So, who would make your list of ladies you look up to? Share, share.

Whose Line Is It Anyway?

My university is really hot on plagiarism. Not in a fangirly way. In a NEVERYOUMUSTNOTEVERDOTHISNO kind of a way. And don’t get me wrong, I’m down with that. Plagiarism = bad. Especially on an English course (yes, I’m doing English, can’t you tell?). Thing is, we’re not allowed to plagiarise ourselves. Once we’ve said something in an academic work, never again. It’s basically the stuff of Aaron Sorkin’s nightmares…

While it amuses me that Sorkin rarely writes an original sentence these days, I think it is interesting to consider how effective recycling old material really is. Sorkin’s writing has received great acclaim, most notably for A Few Good MenThe West Wing and The Social Network – Emmys, Oscars, Golden Globes flying everywhere (accurate). Big Sorkin fans will no doubt have been aware of the high dosage of “Sorkinisms” that these works contain before the supercut video came along. So, question is: does all this recycling – while great for the planet – truly benefit the respective screenplays?

When Isaac from Sports Night quotes, “I don’t always know the right thing to do, Lord, but I think the fact that I want to please you pleases you,” does it make it less powerful when Leo from The West Wing does the same thing? Hmm. No. I don’t think it does. That said, the prominence of “Gather ye rosebuds…” in The West Wing does undermine its use in The Newsroom for me. If not just because The West Wing’s use of any of the dialogue immediately makes it law – it IS the White House after all! The show is too iconic to steal from as often as Sorkin does. Or maybe it didn’t fit the characters because they weren’t Josh and Donna, and use of the quote is cemented in my head as those characters saying it that way.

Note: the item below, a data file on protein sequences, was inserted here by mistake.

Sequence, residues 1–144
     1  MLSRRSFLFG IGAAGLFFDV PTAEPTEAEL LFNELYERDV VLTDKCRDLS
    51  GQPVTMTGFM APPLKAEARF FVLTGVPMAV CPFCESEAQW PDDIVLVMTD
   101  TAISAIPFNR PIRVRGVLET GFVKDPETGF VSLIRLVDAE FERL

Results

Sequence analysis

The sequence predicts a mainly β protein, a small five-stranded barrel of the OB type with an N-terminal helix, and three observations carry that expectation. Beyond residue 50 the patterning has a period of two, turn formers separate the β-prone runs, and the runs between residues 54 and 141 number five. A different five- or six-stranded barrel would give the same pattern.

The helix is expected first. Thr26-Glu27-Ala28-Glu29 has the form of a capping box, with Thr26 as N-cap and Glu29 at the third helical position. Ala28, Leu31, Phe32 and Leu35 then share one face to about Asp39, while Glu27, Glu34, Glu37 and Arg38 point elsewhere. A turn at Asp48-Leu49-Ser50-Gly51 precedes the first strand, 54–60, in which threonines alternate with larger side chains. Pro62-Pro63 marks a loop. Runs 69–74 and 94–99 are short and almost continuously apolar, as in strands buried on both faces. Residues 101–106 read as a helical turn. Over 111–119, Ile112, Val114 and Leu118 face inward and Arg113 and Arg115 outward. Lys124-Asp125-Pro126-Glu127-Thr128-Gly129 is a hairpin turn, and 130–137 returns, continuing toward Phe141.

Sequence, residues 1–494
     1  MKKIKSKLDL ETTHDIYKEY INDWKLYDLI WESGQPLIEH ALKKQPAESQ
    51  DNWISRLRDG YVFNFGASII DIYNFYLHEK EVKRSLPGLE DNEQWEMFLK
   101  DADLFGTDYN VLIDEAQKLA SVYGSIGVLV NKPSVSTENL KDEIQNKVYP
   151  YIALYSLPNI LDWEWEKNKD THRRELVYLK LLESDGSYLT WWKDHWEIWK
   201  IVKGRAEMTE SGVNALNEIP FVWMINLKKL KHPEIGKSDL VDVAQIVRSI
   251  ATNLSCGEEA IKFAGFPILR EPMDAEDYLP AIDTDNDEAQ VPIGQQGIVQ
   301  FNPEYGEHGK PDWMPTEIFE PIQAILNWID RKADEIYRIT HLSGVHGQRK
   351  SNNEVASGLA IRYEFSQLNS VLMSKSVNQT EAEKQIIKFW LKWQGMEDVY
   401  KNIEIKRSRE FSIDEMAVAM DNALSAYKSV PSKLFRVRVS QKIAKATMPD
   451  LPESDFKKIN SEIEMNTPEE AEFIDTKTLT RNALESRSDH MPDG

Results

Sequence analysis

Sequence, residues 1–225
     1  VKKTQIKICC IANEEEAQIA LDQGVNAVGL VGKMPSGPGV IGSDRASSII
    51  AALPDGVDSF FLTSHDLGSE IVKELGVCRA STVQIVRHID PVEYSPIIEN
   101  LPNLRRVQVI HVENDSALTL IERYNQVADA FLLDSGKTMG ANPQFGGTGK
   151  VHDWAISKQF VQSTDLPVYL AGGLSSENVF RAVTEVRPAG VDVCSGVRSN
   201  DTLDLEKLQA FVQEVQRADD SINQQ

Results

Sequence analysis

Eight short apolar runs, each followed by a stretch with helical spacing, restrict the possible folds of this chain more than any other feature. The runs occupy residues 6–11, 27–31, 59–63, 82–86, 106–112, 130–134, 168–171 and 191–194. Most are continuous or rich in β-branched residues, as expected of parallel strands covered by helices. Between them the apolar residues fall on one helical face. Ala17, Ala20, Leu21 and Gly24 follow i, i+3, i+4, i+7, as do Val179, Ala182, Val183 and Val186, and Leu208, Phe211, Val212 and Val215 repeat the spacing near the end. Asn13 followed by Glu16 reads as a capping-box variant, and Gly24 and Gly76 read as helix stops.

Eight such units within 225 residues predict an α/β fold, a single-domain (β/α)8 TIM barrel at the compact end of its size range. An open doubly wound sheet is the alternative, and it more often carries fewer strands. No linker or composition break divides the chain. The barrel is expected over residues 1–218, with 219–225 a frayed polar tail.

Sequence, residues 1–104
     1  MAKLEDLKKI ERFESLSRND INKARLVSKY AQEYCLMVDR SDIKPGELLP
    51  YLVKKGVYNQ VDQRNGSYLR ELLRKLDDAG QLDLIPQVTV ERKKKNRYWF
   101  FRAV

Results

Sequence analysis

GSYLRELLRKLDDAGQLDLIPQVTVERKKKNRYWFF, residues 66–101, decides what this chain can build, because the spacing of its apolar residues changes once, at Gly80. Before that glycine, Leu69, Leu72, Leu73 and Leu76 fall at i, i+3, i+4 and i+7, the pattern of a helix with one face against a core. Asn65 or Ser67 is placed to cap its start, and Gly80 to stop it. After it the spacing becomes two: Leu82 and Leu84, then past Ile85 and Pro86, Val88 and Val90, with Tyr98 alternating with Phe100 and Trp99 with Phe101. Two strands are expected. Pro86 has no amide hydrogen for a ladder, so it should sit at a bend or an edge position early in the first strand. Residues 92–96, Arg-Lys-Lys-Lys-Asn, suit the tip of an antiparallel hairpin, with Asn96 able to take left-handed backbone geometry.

If you’re a big fan of The West Wing, you associate the words, “I go home when you go home” with Leo and Margaret (IT IS LAW, like I say). When Studio 60 tries to get all up in that, it begins to irritate me. I like Studio 60 but it needed to go further to differentiate itself from The West Wing by delivering memorable dialogue of its own. The Newsroom: take note.

So many fans of The Newsroom have commented on their frustration about the number of comparisons people make between Newsroom characters and West Wing characters. Well, surely Sorkin’s to blame for that.

There is a part of me that delights in it. I smile and think, “Oh, Sorkin,” as another, “Not for nothing” or “I’m really quite something” is delivered. It calls on memories of a TV series that truly was the crème de la crème. While it’s yet to really work for me on The Newsroom, there were certainly points in Studio 60 where cross-referencing made me giddy. That was largely related to casting choices though. He capitalised on something that The West Wing didn’t get a chance to: the chemistry between Matthew Perry and Bradley Whitford (at least 80% of the appeal of Studio 60). As well as that, in a genius move late in the series, Sorkin opted to have Allison Janney play herself alongside fellow West Wing alum, Timothy Busfield. It goes to show, West Wing callbacks can seriously pay off.

I think The West Wing beautifully showcased the potential of Aaron Sorkin’s writing. The simultaneous complexity and simplicity of the dialogue was utterly genius. References to other aspects of the series are fond reminders of the dizzying heights of TV brilliance. Recycled dialogue, however, is often a wasted opportunity for exciting, refreshing new material.